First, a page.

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Could the Glass be Half Full?

| December 11, 2023

I’ve talked about the green shoots that have been popping up over the last several months, and so far the market has held in ok.

Inflation has been coming down like we said it should and we would expect it to come down further as the Owners Equivalent Rent (OER) begins to be factored into the data. That being said, we have been mentioning the Leading Economic Indicators (LEI) being negative for over a year now. That, typically, would not bode well for the economy.

Last week I discussed the possible outcomes for the economy and the FED. It’s no surprise for anyone reading this that I am no fan of the Federal Reserve and how they have conducted policy over the last 20+ years. Maybe I’m just old now and can’t get out of my rut, but I like to think that I look at the data and try to make a reasonable assessment of what that might mean for the economy and the markets. I don’t have a crystal ball and don’t know the future any more than others. But things should make sense and have a reasonable conclusion given the data. For instance…

If the economy were to still hum along with inflation well above the 2% level and the labor market tight, you would expect the FED to continue its efforts to slow the economy and bring inflation down. You wouldn’t expect them to cut interest rates in a scenario like that.

On the other hand, if inflation was falling off the cliff and unemployment was rapidly rising, you wouldn’t expect them to continue talking tough about interest rates. You would expect them to soften their rhetoric and even talk about cutting interest rates to support the economy.

While both of those outcomes are still possible, I think you have to consider how difficult it is to thread that needle. How does deficit spending affect interest rates? What will the dollar do relative to other currencies? What is the appropriate price to earnings (P/E) ratio for the markets? Will we end up with just seven companies or might there have to be more companies participating in the economy?

Not to say I know these answers, but it does seem to me that it will be difficult to achieve what everyone hopes for…that “goldilocks” scenario. When everyone feels that way, it probably won’t happen.  Let’s take a look at the AAII investor Sentiment Survey.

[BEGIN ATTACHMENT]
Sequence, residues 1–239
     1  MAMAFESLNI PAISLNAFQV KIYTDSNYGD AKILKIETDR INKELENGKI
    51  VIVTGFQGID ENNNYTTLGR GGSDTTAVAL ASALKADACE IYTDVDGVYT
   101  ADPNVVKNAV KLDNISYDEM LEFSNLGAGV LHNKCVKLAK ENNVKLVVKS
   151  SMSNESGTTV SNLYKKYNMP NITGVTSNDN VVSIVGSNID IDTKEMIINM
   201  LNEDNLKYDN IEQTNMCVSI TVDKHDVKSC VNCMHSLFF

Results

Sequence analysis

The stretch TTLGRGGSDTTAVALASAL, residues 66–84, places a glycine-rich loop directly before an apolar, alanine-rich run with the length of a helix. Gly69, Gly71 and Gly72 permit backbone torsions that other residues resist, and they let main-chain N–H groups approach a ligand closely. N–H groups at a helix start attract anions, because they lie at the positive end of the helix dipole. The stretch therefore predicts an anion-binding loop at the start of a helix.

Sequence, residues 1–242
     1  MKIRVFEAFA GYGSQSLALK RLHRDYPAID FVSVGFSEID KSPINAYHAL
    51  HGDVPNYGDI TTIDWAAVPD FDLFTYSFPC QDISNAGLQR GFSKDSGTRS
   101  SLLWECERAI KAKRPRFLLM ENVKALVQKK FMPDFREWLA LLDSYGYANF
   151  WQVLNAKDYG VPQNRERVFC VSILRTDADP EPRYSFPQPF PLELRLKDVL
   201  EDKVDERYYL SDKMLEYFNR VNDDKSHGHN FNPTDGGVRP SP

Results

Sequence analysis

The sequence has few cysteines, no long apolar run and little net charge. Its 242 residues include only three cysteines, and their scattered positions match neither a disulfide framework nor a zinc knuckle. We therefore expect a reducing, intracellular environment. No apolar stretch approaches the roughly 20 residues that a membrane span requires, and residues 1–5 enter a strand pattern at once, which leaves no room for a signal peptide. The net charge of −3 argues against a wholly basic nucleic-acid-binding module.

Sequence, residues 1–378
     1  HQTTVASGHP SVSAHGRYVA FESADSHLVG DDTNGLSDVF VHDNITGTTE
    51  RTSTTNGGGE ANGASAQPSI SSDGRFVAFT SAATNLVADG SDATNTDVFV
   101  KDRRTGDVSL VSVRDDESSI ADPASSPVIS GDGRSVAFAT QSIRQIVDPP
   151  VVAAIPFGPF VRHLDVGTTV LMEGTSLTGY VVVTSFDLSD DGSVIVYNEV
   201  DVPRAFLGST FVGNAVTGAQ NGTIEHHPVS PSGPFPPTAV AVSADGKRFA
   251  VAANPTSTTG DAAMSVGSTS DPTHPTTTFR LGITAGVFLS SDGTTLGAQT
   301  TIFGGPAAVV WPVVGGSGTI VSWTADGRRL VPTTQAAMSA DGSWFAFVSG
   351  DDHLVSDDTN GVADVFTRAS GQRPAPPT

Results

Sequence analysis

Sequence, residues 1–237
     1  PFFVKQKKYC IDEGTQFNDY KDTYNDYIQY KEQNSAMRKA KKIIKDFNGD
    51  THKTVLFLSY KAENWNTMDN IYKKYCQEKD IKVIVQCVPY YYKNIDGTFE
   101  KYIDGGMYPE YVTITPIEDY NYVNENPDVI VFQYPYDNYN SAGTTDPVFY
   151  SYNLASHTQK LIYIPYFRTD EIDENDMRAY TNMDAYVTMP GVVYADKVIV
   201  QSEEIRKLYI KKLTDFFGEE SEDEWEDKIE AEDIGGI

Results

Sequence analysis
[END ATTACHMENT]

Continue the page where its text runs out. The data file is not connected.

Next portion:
That’s a lot of bullishness! It has averaged about 2-to-1 bulls to bears. That is typically not great (as it tends to be a contrarian indicator). That being said, the market doesn’t have to fall apart, it can just take a break and catch its breath.

Meanwhile, the tone of the investment community has turned more positive.

We will find out more about inflation tomorrow as the CPI is published and PPI on Wednesday. Continued moderation is expected, but if the numbers come in softer than expected, that could be an indication that inflation is falling faster because the next part of the business cycle is taking hold. That next part being a recession. But that’s not all together bad, as we need inflation coming down a bit. What we don’t want is too much slowing and too many job losses. That’s where ‘Goldilocks’ comes in…it’s “just right.”

Right now, global PMI numbers are mostly flat to down, suggesting a slowdown to outright recession, depending on the country. Anything above 50 is considered expansion and below 50 is considered contraction. The weakest area right now would be Europe, with China and the US hanging around the flatline for now.

If we do get some small recession or are lucky enough to skate by without any recession, you may see rates come down. Let’s do some quick math!

If inflation gets to 2%, you should expect interest rates to look (at least historically speaking) like the following:

  • FED funds rates in the 2.5% to 3.5% range.
  • 10-year treasury rates in the 3.5% to 4% range
  • Mortgage rates would likely be around 5% to 5.5%

If we could get to those levels, I would think that is the ‘Goldilocks’ scenario. With that on the table, here are some headlines of 2024 market prognostications.

Let’s hope these analysts are correct. Like I mentioned last week, we think an environment like that would be conducive for the broader market to continue to widen out and many of the companies that haven’t participated to catch up.

So, let’s hope the FED can play this correctly and they are able to avoid a bigger recession, while still getting inflation down close to their 2% target.

If you didn’t know any better, you would think my glass is three-quarters full!

Have a great week. If you have any comments or questions, please feel free to reach out to us. And for those needing a gentle reminder, Christmas is now just two weeks away!